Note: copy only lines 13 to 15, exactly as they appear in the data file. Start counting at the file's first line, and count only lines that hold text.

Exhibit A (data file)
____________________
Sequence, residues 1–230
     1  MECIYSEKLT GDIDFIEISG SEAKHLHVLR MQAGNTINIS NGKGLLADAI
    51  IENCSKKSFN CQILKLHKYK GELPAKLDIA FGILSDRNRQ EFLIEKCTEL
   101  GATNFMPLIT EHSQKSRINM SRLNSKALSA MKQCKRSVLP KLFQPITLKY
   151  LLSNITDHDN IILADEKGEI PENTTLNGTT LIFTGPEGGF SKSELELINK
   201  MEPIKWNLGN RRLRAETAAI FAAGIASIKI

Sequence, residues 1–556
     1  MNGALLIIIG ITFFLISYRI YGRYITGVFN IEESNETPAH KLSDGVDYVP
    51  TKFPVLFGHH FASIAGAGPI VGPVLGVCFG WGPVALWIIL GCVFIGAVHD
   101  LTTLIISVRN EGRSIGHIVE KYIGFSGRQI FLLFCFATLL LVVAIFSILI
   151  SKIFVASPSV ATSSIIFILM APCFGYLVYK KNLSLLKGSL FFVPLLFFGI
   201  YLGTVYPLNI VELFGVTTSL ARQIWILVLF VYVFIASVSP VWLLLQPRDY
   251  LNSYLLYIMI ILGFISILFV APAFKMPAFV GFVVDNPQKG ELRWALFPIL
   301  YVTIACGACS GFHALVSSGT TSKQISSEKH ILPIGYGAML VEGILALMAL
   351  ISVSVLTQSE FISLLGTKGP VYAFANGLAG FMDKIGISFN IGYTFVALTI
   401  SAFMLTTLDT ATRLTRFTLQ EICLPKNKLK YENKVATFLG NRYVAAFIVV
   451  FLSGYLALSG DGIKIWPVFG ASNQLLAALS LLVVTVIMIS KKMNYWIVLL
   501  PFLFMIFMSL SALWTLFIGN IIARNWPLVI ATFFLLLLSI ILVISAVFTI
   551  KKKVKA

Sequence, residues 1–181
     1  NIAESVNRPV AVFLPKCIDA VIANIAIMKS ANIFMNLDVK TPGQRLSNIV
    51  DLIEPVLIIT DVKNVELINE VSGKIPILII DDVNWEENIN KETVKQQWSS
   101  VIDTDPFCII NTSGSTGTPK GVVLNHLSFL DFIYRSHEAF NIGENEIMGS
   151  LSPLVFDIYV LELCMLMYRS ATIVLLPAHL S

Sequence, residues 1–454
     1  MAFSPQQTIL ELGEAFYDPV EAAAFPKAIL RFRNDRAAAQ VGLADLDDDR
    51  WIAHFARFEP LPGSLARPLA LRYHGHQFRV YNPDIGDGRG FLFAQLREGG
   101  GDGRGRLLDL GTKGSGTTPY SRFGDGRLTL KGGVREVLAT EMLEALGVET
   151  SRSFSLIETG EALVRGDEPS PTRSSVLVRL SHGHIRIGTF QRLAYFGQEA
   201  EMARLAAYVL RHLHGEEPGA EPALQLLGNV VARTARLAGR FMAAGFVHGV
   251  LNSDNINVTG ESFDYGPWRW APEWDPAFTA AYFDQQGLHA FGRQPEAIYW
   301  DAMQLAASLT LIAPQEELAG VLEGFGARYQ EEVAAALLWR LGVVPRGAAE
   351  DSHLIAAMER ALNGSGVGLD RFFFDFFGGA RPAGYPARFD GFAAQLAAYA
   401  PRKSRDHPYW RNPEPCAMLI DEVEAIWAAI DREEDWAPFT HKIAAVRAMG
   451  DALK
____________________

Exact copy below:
   251  LNSYLLYIMI ILGFISILFV APAFKMPAFV GFVVDNPQKG ELRWALFPIL
   301  YVTIACGACS GFHALVSSGT TSKQISSEKH ILPIGYGAML VEGILALMAL
   351  ISVSVLTQSE FISLLGTKGP VYAFANGLAG FMDKIGISFN IGYTFVALTI